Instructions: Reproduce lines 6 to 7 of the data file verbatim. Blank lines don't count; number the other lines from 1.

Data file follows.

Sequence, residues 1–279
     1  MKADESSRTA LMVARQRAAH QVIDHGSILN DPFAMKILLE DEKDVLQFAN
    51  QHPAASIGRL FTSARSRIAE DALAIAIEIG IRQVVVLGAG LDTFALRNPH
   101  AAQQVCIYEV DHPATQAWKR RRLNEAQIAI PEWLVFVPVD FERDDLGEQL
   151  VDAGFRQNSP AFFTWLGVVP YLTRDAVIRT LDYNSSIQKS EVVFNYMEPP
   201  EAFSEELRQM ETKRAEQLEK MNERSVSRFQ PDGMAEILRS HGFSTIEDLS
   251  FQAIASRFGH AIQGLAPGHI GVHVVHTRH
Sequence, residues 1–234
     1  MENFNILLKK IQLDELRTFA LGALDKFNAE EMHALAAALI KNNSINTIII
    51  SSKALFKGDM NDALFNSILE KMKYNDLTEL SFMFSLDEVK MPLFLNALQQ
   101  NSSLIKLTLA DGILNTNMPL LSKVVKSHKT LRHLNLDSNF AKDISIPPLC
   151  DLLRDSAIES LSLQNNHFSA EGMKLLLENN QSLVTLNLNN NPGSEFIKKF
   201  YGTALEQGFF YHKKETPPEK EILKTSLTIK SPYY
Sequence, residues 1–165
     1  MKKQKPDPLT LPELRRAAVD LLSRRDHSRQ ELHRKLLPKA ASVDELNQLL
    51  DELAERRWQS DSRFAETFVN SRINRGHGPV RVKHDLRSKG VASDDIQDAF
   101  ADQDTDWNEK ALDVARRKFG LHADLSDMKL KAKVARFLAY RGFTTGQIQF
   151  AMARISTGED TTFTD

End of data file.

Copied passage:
   201  EAFSEELRQM ETKRAEQLEK MNERSVSRFQ PDGMAEILRS HGFSTIEDLS
   251  FQAIASRFGH AIQGLAPGHI GVHVVHTRH